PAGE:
- When must each goal be completed?
- How much can I reasonably expect to do in the time I have?
- How much daily work must I do to finish the tasks on time?
- Are there specific requirements for completing the tasks?
- How will I be required to demonstrate that I have achieved the goals?
- Specific guidelines for setting up time and activity planners are given in the Time Management page of the General-Purpose Learning Strategies main stack.
Record your progress toward completing tasks and reaching your goal.
- One way to record progress is with a calendar.
- Purchase or design a daily, weekly, and/or monthly calendar.
- Think of a short description of each step required to complete each task for achieving the goal.
- Record the brief description in the appropriate place on the calendar based on the due dates you identified in the previous step.
- Cross off each step and task as they are completed.
- Another way to record progress is with a check list.
- Specify each task (or the corresponding steps of each task) required to achieve the goal.
- Prioritize the tasks in order of importance and ease of completion.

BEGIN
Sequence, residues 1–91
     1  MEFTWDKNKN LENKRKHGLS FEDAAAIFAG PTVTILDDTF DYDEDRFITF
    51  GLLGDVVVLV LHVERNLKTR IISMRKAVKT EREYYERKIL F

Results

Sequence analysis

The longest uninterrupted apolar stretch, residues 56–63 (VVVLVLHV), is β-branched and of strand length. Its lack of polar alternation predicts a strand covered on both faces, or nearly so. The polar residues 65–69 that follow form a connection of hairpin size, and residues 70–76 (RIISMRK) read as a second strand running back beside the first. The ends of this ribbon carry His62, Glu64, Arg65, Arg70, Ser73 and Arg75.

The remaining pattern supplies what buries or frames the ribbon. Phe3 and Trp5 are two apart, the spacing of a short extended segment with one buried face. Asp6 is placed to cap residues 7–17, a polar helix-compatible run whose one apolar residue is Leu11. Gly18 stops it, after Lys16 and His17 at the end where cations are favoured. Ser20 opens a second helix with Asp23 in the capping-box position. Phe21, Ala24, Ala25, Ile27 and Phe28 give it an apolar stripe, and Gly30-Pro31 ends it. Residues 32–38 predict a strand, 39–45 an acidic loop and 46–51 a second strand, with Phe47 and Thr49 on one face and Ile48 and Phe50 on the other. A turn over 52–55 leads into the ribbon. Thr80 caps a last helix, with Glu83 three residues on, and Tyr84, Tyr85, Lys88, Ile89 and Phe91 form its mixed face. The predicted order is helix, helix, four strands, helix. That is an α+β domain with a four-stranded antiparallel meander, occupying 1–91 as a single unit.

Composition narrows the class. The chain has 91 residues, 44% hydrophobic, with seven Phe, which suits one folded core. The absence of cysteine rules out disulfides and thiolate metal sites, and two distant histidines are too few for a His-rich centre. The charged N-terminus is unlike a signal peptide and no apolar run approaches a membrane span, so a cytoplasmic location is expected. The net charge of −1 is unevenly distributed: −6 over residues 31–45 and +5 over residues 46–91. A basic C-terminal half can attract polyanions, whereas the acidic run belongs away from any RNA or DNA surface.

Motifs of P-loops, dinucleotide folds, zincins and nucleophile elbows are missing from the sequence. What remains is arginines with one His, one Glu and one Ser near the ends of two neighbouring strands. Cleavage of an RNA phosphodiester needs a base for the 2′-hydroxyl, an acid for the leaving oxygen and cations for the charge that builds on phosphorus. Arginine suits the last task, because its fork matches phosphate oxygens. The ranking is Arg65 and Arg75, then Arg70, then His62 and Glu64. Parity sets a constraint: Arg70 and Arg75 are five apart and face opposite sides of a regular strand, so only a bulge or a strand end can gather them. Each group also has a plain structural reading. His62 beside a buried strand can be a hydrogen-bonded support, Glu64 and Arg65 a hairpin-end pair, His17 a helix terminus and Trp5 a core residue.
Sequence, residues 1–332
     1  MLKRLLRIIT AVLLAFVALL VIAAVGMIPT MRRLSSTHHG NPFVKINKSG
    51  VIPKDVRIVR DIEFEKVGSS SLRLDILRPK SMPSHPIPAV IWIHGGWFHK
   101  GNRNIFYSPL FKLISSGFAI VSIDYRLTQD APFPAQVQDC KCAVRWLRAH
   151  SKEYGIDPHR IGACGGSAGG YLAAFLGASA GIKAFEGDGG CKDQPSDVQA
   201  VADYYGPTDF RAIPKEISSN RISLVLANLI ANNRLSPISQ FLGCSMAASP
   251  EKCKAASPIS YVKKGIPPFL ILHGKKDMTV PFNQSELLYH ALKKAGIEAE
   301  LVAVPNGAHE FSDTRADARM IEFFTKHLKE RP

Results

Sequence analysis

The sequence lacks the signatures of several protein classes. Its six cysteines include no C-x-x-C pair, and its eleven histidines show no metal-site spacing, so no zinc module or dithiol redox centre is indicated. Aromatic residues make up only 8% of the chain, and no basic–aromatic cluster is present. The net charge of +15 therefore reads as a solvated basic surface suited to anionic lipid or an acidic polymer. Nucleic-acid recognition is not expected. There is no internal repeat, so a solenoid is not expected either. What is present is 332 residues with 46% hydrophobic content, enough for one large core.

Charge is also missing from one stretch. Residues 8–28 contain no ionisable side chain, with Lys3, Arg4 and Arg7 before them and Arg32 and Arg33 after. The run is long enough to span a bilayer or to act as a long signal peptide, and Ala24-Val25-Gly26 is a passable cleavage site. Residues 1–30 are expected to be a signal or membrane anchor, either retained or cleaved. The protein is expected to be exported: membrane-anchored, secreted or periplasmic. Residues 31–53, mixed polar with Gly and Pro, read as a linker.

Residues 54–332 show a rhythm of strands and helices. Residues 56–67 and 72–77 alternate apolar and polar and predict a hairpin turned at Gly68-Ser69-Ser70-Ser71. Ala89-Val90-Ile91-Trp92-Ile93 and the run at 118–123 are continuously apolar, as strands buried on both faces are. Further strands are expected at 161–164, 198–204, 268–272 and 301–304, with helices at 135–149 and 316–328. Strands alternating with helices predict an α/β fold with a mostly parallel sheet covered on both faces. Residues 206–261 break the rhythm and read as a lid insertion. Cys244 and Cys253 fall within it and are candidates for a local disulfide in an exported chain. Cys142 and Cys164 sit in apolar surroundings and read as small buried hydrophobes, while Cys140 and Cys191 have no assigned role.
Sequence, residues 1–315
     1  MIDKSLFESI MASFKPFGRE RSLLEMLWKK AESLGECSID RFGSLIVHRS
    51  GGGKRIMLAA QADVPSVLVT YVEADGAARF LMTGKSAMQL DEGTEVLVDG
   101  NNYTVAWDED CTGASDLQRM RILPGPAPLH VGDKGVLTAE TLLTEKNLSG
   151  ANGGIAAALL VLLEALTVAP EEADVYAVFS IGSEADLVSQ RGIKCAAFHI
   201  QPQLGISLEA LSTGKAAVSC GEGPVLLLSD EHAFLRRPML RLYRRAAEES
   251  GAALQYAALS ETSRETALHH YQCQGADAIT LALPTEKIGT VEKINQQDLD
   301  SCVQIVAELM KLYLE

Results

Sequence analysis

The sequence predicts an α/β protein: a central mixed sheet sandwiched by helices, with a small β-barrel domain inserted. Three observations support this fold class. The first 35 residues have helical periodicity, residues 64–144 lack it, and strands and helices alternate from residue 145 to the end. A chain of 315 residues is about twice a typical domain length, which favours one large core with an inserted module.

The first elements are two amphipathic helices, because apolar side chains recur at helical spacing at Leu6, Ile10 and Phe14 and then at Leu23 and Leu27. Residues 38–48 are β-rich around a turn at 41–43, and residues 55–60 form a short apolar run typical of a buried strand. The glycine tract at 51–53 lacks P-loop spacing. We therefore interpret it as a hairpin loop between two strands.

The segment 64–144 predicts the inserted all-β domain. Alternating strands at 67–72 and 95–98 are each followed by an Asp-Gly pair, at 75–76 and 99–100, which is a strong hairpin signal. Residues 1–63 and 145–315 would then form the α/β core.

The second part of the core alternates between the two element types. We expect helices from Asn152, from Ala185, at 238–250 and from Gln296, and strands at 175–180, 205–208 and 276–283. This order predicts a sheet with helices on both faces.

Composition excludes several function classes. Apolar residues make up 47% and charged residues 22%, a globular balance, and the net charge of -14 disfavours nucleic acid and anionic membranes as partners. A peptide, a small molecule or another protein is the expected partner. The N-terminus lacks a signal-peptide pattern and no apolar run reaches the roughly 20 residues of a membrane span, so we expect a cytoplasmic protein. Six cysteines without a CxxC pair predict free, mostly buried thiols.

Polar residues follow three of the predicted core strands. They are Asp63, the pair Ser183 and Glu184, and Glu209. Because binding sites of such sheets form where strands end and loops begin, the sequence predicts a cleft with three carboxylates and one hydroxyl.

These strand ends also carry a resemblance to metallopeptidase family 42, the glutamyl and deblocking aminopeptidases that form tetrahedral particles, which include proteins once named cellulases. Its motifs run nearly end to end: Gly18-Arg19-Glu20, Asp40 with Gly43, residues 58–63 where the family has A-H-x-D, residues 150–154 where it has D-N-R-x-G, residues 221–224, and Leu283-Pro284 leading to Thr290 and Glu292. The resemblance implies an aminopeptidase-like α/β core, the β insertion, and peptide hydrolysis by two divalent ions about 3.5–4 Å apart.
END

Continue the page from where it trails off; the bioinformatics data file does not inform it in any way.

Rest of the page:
- Determine when each task (or step) should be completed.
- Record when each task was actually completed.
- Record how you will reward yourself for completing each task.
- Record whether or not you rewarded yourself for completing a task.
- Record whether or not you rewarded yourself for achieving the goal.
- Evaluate your actions against your success at achieving the goal.
- A sample check list might look like this (Walter and Siebert, 1993, p. 56):
- Show Me An Example Of a Goal Setting Checklist
Reward yourself for completing tasks and reaching goals.
- Rewards might include things like taking a walk, watching a tv show, going to the movies, having a sundae, taking a nap, reading a magazine, or calling a friend.
- Take your reward whenever a task is completed on schedule.
- Do not reward yourself if a task is not completed on time.
- The reward for achieving the goal should be "bigger" than the rewards for completing each task.
Career Goals Strategies
Guidelines for assessing one's career interests are quoted from Jewler and Gardner (1993, p. 164-174). When setting career goals, one must consider life goals, personal interests, personal skills, personal aptitudes, personality characteristics, and work values.
- In general, what kind of work do you want to do after finishing your education?